[RPG] Inventiveness vs. breaking the game; How to encourage one, without enabling the other


So, recently, I had an issue where I had to make a call on a custom-made weapon, and I'm not sure I handled it very well. The player was using a human alchemist, and instead of throwing 'bombs' every turn, he came to me with a concept for a weapon. Basically, it's a bunch of vials of acid, alchemist fire, and the like, wrapped up together in a fine-mesh net, attached to a staff with rope, and wielded in a similar fashion to a mace.

My response: if you take the appropriate penalties for wielding it, then you can use it. It came out to something like a -6 on attack roles (-4 for non-proficient, -2 for using what amounted to a large-sized mace). However, as he stated, so long as it actually struck the target the glass vials would break and deal damage, so he had to hit against their touch AC.

I thought the idea was impressive, and didn't think it would actually be a huge problem for an enemy… until it was. He ended up tossing something like 200 vials in the net, and managed to kill something a full 10 CR higher than the group, on his first turn.

Well, as you can guess, he's not allowed to use that item anymore. However, I really enjoy seeing players put the effort into this kind of creativity, and I would hate to discourage it just because their end-goal is to make something broken. (After all, if it wasn't beneficial to them in some way, why put in the extra effort?)

So, how do I handle situations like this? How do I reward him for his inventiveness, while not allowing him to break the game? Advice on this specific situation would be appreciated, but mainly I'm looking for a way to handle the issue as a whole. Any experience with the same problem is welcome, of course.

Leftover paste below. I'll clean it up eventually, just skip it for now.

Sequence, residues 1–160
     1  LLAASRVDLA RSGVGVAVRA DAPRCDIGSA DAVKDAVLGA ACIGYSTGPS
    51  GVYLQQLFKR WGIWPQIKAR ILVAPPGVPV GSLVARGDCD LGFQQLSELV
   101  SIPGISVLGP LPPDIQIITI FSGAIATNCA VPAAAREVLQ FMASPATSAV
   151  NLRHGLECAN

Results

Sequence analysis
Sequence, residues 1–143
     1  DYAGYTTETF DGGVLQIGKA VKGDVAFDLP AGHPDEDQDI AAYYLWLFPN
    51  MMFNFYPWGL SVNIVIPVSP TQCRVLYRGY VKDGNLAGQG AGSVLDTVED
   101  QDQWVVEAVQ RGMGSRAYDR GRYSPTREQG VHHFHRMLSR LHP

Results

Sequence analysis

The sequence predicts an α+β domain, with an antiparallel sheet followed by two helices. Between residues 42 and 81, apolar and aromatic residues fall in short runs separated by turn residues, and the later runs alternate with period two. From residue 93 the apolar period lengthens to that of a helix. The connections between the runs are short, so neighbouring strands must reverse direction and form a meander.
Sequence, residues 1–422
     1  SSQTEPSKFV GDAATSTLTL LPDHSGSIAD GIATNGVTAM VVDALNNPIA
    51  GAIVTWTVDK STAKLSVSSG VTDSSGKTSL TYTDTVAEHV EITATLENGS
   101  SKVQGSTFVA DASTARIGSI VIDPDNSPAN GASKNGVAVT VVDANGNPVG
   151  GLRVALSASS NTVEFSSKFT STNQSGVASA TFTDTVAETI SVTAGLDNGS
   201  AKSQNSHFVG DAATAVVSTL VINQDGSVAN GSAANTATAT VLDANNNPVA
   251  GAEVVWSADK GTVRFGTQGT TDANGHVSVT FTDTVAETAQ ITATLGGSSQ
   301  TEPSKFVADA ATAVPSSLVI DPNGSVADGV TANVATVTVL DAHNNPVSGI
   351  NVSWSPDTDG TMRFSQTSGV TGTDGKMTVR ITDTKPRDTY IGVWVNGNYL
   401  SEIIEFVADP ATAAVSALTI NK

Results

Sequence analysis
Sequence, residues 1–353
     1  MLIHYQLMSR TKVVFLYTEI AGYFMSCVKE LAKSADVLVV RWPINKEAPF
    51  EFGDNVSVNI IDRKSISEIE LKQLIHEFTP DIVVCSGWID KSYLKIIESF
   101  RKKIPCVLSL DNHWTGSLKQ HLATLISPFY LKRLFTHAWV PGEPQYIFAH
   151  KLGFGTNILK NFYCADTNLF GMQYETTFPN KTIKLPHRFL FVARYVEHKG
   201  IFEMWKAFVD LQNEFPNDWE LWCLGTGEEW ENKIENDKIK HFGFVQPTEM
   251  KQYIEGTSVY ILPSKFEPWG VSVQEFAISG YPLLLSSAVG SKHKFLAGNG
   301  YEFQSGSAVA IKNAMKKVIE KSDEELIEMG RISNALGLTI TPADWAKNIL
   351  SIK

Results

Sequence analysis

Best Answer

Encouraging inventiveness is easy. You've already done it, in fact: You simply have to reward it by allowing it to (occasionally) succeed.

Avoiding breaking the game is also easy: You simply disallow anything that lets players to bypass the obstacles presented by the game with less effort than it would take to tackle those obstacles in a more traditional way.

Obviously, these two goals are hard to reconcile, but I can suggest a few things that might help.

First, let your players have the benefit of their invention, but remember to account for the costs: In your example, your alchemist has developed a devastating weapon, but one which eats through very expensive ammunition at a disturbingly rapid rate. Once the disparity between party member wealth levels grows a bit, he might start to worry. Also, given that it is a devastating weapon, even if it is expensive, ask yourself why other people don't use it. I imagine it would take just one orc with the Improved Sunder feat to make your player realise that there are pitfalls involved in waving acid vials over his own head.

Second, remember to include at least a few situations in which the invention does not work, to keep your players on their toes (and encourage future inventions): There's no end of creatures immune to acid and fire, so let them crop up occasionally - and your alchemist would be in strife if away from civilisation for an extended period.

Finally, don't be afraid to condtradict previous rulings if you can come up with a good reason for it. Yes, you should avoid it most of the time, but inventions are a special case, since by definition they're trying something new and unknown: Invention is inextricably paired with discovery. Be tactful, and start by saying "There's something I didn't think of that's kind of relevant to that idea you came up with," but be firm, and try and provide a reasonable in-game justification for it. "Your acid net? The ropes that make it up only have about two hit points, so it should be disintegrating every time you use it. Also, how have you been protecting yourself from the splash?"